FIS Toronto 2024

Machines can now detect when bullish executives doubt their own words

Three major trends have converged to drive growing appeal in new alternative data classes of quantitative investing, according to a leading quant researcher.

“Quants like us who were in the right place at the right time in history can take advantage of the confluence of these three major secular trends,” said Mike Chen, head of alternative alpha research at Robeco in the United States.

Speaking about finding alternative alpha at Conexus Financial’s Fiduciary Investors Symposium in Singapore, Chen said the amount of data in the world is growing exponentially. Algorithms have become very powerful, with some highly sophisticated algorithms free for consumers to use, such as artificial intelligence chatbot ChatGPT. And the computing power required to run these algorithms has arrived and is getting faster.

Chen gave examples of some of the developments in the market as quant investors seek to stay ahead of the game.

Company executives, aware their conference calls with investors are being fed into algorithms, have long been coached to use positive and bullish key words to trick the quants.

But vocal chords, made up of 47 separate physiological mechanisms, are much harder to train, Chen said. Some algorithms are now converting audio recordings into spectrograms and using this to detect a person’s underlying emotional state.

“You can compare that against the words that they say,” Chen said. “Are they in agreement or are they not? Their intonation, pitches, volume, pauses, all that information can be analysed.”

Patterns of interaction

Machine learning is also detecting patterns of interaction between market participants and stock prices, such as decoding the mysterious ‘reversal effect’ where stocks rebound or ‘bounce’ somewhat after sharp inclines or declines. The fact that they do not do this on some rare occasions was long thought to be a “statistical fluke,” Chen said, but it is actually related to the news volume surrounding the event that caused the rise or fall.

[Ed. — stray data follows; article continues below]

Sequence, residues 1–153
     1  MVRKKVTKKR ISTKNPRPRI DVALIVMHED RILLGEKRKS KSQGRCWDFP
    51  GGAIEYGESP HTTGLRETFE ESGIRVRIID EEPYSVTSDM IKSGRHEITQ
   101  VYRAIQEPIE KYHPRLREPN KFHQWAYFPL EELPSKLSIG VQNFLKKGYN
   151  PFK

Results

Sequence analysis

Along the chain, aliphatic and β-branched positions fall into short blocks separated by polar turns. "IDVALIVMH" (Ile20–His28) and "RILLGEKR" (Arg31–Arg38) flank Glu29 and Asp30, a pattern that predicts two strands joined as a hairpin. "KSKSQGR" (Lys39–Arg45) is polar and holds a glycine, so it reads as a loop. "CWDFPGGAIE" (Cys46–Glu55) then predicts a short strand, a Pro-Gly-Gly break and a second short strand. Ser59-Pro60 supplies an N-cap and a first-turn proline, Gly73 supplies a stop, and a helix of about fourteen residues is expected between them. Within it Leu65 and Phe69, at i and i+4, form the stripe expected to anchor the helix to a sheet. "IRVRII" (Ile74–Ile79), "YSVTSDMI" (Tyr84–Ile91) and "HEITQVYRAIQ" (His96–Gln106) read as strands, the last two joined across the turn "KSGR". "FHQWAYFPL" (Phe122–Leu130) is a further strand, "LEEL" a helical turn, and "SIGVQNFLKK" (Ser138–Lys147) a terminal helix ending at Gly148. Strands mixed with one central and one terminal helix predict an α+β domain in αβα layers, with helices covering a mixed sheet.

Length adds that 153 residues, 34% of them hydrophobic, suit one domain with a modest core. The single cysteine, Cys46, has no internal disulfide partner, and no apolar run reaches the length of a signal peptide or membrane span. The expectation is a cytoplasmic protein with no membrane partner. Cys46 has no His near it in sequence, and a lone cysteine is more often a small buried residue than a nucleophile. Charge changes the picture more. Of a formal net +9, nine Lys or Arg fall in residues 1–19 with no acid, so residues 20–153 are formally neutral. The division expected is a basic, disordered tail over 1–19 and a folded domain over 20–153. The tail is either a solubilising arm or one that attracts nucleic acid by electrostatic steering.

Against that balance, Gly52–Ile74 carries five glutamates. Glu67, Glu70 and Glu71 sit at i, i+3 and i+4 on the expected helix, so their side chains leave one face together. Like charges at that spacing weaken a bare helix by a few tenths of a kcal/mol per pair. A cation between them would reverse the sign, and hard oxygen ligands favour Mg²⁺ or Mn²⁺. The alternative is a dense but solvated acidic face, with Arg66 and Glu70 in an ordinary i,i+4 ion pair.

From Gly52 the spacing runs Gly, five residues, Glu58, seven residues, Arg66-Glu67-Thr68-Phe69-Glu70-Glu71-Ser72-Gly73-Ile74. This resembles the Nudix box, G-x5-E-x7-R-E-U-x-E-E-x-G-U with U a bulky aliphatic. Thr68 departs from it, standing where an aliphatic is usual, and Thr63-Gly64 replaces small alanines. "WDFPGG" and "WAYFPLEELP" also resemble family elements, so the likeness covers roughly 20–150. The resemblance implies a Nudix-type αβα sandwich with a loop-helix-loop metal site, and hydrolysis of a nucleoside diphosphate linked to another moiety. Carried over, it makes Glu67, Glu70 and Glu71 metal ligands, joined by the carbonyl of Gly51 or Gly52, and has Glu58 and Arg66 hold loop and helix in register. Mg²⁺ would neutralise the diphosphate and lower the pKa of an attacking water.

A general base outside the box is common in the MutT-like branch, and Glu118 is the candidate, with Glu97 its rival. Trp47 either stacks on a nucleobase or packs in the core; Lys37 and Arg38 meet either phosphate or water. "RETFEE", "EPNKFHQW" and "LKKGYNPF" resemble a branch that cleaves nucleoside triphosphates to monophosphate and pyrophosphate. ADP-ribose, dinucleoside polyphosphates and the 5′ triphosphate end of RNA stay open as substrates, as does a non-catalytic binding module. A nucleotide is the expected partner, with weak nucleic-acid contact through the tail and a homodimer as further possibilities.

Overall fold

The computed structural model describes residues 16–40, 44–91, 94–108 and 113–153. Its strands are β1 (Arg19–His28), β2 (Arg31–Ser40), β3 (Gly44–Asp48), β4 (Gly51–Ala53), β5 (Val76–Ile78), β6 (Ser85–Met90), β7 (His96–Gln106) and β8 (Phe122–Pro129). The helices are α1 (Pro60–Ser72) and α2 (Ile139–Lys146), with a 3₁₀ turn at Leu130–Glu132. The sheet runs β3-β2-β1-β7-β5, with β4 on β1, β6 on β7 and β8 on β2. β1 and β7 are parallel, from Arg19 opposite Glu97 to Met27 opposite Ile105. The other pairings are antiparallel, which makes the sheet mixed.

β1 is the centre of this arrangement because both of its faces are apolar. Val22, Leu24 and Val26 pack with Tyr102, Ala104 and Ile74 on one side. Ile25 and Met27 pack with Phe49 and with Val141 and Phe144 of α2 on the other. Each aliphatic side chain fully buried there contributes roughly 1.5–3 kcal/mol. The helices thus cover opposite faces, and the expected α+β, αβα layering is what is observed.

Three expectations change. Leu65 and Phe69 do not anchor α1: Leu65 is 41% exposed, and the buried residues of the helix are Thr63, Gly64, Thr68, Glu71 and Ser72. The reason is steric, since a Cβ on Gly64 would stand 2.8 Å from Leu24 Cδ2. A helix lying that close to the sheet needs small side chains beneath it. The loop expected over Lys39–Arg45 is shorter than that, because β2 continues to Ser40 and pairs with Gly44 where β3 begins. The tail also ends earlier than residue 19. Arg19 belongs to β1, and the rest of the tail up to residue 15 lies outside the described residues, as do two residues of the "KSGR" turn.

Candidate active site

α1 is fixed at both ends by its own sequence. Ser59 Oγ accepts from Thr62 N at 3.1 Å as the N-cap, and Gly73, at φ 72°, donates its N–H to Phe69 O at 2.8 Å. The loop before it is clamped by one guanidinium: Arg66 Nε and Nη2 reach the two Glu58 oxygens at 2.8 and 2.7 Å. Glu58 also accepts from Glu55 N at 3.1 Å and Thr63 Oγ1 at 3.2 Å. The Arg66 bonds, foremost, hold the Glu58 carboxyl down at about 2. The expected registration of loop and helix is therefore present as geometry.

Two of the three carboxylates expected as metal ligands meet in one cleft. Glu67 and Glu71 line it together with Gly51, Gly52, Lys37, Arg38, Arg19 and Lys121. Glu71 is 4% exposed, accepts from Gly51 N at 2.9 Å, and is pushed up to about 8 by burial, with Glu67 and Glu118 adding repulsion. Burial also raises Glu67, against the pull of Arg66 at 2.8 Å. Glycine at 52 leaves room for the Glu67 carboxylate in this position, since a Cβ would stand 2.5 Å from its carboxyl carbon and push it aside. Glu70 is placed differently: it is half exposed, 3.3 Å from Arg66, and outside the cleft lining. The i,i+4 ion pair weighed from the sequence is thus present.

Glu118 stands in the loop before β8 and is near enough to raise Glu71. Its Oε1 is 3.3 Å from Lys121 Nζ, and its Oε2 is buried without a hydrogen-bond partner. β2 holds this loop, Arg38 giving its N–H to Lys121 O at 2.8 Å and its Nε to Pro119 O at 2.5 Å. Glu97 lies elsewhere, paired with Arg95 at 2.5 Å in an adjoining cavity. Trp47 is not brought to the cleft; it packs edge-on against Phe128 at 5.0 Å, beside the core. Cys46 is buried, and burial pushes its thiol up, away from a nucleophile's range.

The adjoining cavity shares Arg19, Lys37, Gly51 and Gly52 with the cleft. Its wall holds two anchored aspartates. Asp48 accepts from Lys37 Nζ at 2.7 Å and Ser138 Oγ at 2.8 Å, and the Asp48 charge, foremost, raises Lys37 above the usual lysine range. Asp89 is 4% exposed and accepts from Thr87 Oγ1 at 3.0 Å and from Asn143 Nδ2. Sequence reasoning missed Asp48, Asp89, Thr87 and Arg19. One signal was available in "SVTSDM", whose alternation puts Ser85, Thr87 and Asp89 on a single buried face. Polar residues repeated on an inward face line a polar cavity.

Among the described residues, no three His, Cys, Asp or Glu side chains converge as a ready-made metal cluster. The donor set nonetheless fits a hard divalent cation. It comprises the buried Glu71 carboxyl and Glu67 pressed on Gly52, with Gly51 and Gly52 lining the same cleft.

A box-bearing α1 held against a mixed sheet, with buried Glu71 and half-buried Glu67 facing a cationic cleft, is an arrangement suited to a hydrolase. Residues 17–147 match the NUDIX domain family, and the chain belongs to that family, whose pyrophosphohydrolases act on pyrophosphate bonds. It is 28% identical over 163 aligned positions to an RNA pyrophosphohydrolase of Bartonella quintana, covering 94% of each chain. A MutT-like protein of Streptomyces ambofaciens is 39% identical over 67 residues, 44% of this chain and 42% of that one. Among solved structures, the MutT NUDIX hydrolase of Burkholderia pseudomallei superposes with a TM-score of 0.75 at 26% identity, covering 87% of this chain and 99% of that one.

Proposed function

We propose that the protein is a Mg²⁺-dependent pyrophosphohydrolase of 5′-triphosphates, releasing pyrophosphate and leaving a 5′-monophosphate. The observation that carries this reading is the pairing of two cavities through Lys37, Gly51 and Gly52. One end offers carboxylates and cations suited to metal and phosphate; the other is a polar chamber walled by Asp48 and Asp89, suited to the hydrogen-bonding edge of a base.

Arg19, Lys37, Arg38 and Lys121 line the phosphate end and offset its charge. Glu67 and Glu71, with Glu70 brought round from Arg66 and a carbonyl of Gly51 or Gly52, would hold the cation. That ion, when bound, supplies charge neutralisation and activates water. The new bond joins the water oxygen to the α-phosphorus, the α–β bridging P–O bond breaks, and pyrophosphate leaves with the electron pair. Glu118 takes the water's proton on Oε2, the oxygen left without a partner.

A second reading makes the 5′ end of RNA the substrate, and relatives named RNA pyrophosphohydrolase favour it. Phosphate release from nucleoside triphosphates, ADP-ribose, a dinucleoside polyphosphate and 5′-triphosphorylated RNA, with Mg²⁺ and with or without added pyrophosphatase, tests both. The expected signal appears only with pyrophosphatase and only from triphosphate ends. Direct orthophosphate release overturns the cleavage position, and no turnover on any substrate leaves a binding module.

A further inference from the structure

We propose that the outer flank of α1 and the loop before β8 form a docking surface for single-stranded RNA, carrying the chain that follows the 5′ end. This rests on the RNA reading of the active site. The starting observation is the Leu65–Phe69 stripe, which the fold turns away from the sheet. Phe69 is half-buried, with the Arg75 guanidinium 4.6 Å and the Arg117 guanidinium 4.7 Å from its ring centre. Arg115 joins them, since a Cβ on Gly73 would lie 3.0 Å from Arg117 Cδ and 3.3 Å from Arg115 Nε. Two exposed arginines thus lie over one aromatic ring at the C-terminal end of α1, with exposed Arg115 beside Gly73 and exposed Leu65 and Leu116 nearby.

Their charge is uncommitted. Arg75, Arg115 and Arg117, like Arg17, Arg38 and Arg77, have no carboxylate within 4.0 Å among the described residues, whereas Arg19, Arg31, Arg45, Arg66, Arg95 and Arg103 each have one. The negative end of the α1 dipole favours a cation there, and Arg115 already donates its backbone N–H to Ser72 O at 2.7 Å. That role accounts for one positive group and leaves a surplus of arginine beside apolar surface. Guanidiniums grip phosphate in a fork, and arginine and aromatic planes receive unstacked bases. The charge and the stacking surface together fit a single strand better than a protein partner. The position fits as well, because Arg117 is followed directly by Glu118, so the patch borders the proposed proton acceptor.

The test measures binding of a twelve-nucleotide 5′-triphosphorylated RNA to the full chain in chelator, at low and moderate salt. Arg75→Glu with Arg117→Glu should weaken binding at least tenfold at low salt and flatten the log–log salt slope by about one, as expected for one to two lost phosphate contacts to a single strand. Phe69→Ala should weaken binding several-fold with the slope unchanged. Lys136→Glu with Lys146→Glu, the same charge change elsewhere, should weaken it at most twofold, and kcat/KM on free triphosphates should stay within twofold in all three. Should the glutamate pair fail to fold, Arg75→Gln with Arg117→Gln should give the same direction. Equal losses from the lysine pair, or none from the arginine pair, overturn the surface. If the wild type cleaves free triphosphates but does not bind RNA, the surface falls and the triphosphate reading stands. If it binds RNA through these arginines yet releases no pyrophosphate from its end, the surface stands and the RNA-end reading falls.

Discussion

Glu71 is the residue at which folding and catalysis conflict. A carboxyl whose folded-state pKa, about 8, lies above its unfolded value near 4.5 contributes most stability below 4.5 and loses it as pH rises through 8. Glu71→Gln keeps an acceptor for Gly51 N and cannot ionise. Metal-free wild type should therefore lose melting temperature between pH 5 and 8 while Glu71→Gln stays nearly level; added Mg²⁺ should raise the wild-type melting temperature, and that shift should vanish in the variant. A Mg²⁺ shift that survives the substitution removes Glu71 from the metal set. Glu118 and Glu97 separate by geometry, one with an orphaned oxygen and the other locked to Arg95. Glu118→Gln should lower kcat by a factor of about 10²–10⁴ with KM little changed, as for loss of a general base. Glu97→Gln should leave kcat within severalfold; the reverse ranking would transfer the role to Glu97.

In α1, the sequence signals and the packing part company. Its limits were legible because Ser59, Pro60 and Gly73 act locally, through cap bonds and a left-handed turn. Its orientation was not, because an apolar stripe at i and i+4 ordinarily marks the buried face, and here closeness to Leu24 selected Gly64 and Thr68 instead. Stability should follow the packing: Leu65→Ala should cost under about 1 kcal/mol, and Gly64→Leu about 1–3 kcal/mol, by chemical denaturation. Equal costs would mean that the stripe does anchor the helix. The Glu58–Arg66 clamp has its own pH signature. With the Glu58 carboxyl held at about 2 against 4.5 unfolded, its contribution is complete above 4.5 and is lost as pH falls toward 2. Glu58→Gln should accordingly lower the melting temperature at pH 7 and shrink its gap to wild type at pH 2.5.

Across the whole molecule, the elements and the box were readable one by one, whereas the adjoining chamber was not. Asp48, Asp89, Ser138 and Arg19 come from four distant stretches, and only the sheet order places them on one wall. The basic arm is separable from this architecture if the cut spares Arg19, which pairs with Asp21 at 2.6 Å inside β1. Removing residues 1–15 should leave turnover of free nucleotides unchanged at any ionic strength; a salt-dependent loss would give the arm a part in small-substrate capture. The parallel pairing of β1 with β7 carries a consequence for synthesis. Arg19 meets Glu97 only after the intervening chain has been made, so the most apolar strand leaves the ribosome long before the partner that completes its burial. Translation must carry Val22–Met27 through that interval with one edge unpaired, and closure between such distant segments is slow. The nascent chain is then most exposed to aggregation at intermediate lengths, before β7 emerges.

“When there’s a huge amount of news that’s happening related to given company, when that company’s price is going up or down, the price does not reverse,” Chen said.“What this means is that the price movements in those situations where there is a very high or abnormal news volume are actually being supported by factual information, not just being pushed in a vacuum by speculators or FOMO people.”

Language processing can also not only check whether company executives are using bullish language, but also whether they are answering analyst questions directly or evasively, he said.

Also on the panel was Charles Wu, chief investment officer at State Super in Australia. Around seven years ago, Wu began looking at machine learning to complement State Super’s investment process by providing more information to back up investment decisions.

Insights from data can help investment professionals challenge the judgements they make based on the limited experience of their careers when long-term paradigm shifts take place in markets, Wu said.

“It tells us things such as that interest rate differentials may not be your best determinant for a currency movement,” Wu said. “That’s something that we learned during this machine learning process, and that in itself gets us to more useful questions.”

For investors who want to add elements of quant to their investment process, it is important to start small, with clear and well-defined goals, he said. An advisory board of experts from academia can help bridge the communication gap between the board and internal stakeholders who are skeptical of quant, he said.

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